Evaluating RAG Systems

Now, let's use tvalmetrics to score LlamaIndex, an open-source library created by Tonic.ai for measuring LLM response quality. I used the following code to benchmark LlamaIndex's responses:

Evaluating RAG Systems

Using the five-document setup, I obtained the following results:

Evaluating RAG Systems
Evaluating RAG Systems

With multiple documents, LlamaIndex's performance far exceeds OpenAI's. Its average similarity score is around 3.8, slightly above average, with a median of 5.0, which is excellent. The runtime for five documents is only seven minutes, compared to OpenAI's system, which takes almost an hour with the same settings. I also observed that LlamaIndex's system is noticeably less prone to crashes compared to OpenAI's system, suggesting that OpenAI's reliability issues are more related to the RAG system itself than the Assistants API. However, for the single-document setup, LlamaIndex's performance is slightly inferior to OpenAI's RAG system, with an average similarity score of 3.7 (compared to OpenAI's 4.16) and a median of 4.0 (compared to OpenAI's 5.0).

Evaluating RAG SystemsEvaluating RAG Systems

I should note that by adjusting some LlamaIndex parameters, including changing block size to 80 tokens, block overlap to 60 tokens, providing 12 blocks, and using the mixed search option in LlamaIndex, I obtained slightly better results. Doing so produced results closer to OpenAI's, but not identical:

Evaluating RAG Systems

While the performance between the two systems is now closer, OpenAI still has a slight edge in the single-document scenario. Keep in mind that the settings I used were tailored to the type of questions I posed (i.e., short questions with answers very evident in the text). These settings may not be applicable in all scenarios, whereas OpenAI managed to achieve good performance under settings theoretically applicable to any situation. Although you might be sacrificing some performance due to the limited customization allowed by OpenAI, it ultimately depends on whether you prefer better results by gaining more customization in certain scenarios or opting for a versatile out-of-the-box tool that performs well in specific situations (limited to single documents only).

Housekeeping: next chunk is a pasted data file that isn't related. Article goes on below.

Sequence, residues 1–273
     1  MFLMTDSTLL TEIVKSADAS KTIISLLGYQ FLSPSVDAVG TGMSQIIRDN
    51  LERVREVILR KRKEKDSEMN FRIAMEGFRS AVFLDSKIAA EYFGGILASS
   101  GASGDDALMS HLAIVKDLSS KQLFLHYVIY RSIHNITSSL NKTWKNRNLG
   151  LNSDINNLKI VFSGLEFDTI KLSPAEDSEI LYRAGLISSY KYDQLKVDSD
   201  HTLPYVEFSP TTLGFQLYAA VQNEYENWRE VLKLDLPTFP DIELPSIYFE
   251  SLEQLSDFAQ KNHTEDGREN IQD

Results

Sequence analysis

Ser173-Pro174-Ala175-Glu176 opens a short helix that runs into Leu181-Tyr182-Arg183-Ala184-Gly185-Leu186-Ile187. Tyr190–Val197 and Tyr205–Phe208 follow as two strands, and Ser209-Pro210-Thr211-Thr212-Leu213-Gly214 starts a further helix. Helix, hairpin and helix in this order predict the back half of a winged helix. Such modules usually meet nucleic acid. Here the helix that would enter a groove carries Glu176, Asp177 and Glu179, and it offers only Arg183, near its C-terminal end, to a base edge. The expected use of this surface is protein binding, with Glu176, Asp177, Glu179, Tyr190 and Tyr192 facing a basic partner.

OpenAI's RAG system appears promising, but performance issues in handling multiple documents significantly diminish its practicality. While their system performs well on a single document, most users would likely want to run their RAG system on a variety of different documents. Although they could cram all documents into a single, massive file, that's just a workaround and shouldn't be what a high-performing, user-friendly RAG system requires. Coupled with the 20-file limit, I'm hesitant to recommend anyone to immediately replace their existing RAG pipeline with OpenAI's RAG.

However, as mentioned earlier, OpenAI still has the potential for improvement. While conducting some sampling checks on their GPT-based RAG system, I noticed significantly better performance in handling multiple documents. The poor performance is limited to the Assistants API itself. If OpenAI works to elevate the quality of the Assistants API to the level of GPT and eliminates the file restrictions, I can envision companies considering a move to OpenAI's RAG, provided they are willing to forgo some of the customization offered by LlamaIndex. However, until that day comes, I recommend continuing to use LlamaIndex. All the code and data used in this article can be found here.